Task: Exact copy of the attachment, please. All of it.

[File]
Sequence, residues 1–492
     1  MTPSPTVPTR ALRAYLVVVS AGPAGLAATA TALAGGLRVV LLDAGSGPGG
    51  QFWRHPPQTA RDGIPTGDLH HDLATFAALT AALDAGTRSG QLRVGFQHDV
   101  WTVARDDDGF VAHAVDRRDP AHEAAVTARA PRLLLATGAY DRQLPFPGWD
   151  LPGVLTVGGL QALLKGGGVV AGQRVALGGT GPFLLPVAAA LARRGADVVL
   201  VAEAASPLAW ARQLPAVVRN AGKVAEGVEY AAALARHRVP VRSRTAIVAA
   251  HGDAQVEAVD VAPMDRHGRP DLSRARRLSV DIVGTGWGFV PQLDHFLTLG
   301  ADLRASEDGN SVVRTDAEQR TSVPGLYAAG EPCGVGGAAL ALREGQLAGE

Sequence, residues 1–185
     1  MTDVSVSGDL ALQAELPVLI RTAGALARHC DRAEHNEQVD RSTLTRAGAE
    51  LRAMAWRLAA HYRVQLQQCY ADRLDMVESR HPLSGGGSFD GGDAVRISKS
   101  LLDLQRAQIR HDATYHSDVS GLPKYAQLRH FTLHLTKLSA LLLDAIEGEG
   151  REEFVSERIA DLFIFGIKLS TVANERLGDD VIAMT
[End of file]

Sequence, residues 1–492
     1  MTPSPTVPTR ALRAYLVVVS AGPAGLAATA TALAGGLRVV LLDAGSGPGG
    51  QFWRHPPQTA RDGIPTGDLH HDLATFAALT AALDAGTRSG QLRVGFQHDV
   101  WTVARDDDGF VAHAVDRRDP AHEAAVTARA PRLLLATGAY DRQLPFPGWD
   151  LPGVLTVGGL QALLKGGGVV AGQRVALGGT GPFLLPVAAA LARRGADVVL
   201  VAEAASPLAW ARQLPAVVRN AGKVAEGVEY AAALARHRVP VRSRTAIVAA
   251  HGDAQVEAVD VAPMDRHGRP DLSRARRLSV DIVGTGWGFV PQLDHFLTLG
   301  ADLRASEDGN SVVRTDAEQR TSVPGLYAAG EPCGVGGAAL ALREGQLAGE

Sequence, residues 1–185
     1  MTDVSVSGDL ALQAELPVLI RTAGALARHC DRAEHNEQVD RSTLTRAGAE
    51  LRAMAWRLAA HYRVQLQQCY ADRLDMVESR HPLSGGGSFD GGDAVRISKS
   101  LLDLQRAQIR HDATYHSDVS GLPKYAQLRH FTLHLTKLSA LLLDAIEGEG
   151  REEFVSERIA DLFIFGIKLS TVANERLGDD VIAMT